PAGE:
I’m presently working my way through a book called Spousonomics: Using Economics To Master Love, Marriage, and Dirty Dishes. The title sparked my interest, and it’s an enjoyable read, although I find the lengthy explanations of economics a bit tiring. I’m only a few chapters in, but so far the book has covered a few of the main conflicts that married couples face. The first chapter is called “Division of Labor, Or, Why You Should Do the Dishes.” As I read through each “Case Study,” where the authors describe real life couples in real life situations, I thought through what my husband and I have fought about the most.
One evening, I brought this book up in conversation with my husband, and we discussed what seems to cause us to enter a “rough patch.” It’s not division of labor (I foresee that as a future problem, but it’s neutral for the time being).It’s not money or finances. Not because we never argue about money, but because going through Dave Ramsey’s Financial Peace University together really helped get us on the same page.
When we hit a rough patch, communication breaks down, and we start avoiding each other. This rough patch can sometimes be triggered by extreme stress/strain, or tough work schedules. I find though that the first thing to switch over is my attitude. I start thinking about the kind of husband my hubby is or is not being. I think about how he NEVER does _________[fill in the blank]. He ALWAYS does ______[fill in the blank], just to annoy me. Every little idiosyncrasy suddenly rears its head. When I’m 100% in this mode, every other move he makes is irritating to me. I suddenly feel a surge of fear and ask myself, “What is happening to my marriage?” Sometimes it takes a confrontation to get me to start analyzing myself. I’ll realize that I have switched my brain over to thinking entirely about MYSELF, MY needs, what I want to do, how I am not being served.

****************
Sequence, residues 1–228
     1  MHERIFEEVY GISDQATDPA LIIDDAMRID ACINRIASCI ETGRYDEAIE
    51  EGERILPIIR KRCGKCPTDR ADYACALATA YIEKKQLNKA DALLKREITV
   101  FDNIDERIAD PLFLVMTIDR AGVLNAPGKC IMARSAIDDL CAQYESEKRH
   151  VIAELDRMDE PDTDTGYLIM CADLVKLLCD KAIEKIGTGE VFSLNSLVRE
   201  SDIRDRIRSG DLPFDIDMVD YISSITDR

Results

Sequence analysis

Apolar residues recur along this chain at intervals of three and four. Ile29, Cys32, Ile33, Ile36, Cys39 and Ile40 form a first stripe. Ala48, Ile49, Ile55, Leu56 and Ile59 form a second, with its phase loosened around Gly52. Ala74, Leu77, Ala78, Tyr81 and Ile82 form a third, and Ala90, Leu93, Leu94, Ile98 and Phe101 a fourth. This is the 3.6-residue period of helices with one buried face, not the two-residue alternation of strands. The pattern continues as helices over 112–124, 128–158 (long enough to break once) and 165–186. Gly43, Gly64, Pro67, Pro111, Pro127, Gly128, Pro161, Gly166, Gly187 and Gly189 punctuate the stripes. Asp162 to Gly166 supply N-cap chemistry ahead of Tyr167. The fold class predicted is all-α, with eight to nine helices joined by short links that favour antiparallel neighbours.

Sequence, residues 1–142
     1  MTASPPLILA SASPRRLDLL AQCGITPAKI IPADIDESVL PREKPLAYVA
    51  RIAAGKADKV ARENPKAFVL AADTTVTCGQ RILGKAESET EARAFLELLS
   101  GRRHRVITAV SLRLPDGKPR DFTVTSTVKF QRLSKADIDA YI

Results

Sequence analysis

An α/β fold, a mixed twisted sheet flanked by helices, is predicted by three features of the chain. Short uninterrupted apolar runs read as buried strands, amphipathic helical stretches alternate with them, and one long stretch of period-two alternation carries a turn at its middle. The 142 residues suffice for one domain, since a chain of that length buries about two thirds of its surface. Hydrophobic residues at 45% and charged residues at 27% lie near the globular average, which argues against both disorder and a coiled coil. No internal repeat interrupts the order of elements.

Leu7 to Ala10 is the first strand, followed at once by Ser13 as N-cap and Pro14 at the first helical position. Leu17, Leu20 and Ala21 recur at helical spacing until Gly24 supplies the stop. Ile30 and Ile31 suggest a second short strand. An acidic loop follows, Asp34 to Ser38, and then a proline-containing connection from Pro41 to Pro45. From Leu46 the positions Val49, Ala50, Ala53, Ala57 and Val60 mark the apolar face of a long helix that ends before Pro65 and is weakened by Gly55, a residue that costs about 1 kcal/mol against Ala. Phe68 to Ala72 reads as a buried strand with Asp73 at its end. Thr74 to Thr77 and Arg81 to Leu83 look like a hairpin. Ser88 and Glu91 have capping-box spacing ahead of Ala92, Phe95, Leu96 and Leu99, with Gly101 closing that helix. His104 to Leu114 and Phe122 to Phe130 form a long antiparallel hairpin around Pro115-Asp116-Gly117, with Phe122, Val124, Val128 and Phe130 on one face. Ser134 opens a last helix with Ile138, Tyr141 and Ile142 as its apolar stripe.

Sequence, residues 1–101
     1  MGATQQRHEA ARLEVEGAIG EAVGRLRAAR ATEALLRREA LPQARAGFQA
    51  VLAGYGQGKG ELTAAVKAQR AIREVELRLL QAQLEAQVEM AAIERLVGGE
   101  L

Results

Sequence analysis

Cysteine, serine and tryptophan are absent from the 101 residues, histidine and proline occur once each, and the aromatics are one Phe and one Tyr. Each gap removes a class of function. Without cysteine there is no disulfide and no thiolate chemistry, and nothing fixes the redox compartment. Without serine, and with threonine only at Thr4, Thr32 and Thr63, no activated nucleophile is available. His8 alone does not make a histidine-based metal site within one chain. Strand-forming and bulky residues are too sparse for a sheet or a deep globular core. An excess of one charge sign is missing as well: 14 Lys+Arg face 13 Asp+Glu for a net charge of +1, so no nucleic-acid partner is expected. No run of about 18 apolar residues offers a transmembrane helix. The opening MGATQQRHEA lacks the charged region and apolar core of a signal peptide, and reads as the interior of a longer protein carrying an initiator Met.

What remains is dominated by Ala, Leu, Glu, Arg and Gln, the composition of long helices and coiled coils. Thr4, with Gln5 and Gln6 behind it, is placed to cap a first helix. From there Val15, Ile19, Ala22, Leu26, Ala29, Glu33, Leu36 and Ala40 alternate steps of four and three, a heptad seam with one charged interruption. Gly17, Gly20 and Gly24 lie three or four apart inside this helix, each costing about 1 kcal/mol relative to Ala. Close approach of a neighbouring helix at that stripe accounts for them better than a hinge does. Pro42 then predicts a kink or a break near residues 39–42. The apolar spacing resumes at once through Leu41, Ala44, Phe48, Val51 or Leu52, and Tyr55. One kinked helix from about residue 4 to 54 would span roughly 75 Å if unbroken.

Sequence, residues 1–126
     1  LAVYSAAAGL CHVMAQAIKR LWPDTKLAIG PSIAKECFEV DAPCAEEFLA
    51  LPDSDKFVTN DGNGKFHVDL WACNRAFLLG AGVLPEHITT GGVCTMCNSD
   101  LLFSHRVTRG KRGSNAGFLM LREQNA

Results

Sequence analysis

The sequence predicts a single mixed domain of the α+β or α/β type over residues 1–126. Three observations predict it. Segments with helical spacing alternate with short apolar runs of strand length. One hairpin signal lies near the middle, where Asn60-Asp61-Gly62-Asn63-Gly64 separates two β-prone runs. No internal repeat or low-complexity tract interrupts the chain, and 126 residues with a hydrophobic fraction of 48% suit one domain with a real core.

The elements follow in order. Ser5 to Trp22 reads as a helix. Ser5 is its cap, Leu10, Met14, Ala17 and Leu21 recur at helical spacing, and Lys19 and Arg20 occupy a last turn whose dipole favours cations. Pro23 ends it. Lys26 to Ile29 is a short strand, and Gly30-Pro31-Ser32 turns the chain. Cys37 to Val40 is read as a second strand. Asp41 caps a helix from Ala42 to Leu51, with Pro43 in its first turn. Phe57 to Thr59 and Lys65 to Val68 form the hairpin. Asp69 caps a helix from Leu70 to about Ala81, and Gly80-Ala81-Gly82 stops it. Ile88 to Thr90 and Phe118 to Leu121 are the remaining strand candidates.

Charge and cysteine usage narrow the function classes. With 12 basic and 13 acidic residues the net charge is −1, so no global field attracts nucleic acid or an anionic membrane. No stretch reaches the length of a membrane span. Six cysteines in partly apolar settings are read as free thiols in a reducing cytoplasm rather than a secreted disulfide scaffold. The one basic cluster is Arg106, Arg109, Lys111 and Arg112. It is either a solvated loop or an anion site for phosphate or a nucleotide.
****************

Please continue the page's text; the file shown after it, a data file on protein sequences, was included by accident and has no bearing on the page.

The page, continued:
When my heart is in a humble/desperate enough state to stop criticizing for a second, then I realize what I am doing and start turning those questions around. How am I serving my husband’s needs? How am I being kind to him? What would he like to do? What is he feeling? How is he doing? Usually this exercise is enough to bring me off my high horse. Having redirected my focus on what I could be doing to be a better wife, I find that all those annoying idiosyncrasies (that were driving me crazy just 10 minutes ago) suddenly dissolve into the background. I usually find that I am not being kind, and have not looked for ways to serve my husband.
I’m going to end with a passage from a book I hold in high regard. It was given to me by a professor while I was attending college. From The Friendship Factor by Alan Loy McGinnis:
“D.L. Moody was one of the greatest Christian evangelists who ever lived. He could hold a crowd in the palm of his hand, won thousands of converts to the faith, and established several religious institutions. Yet he never displayed the pompous air of self-importance that so many famous evangelists did in that era. He was a tolerant, understanding man who rarely criticized. One of his famous sayings was, ‘Right now I’m having so much trouble with D.L. Moody that I don’t have time to find fault with the other fellow.’ ”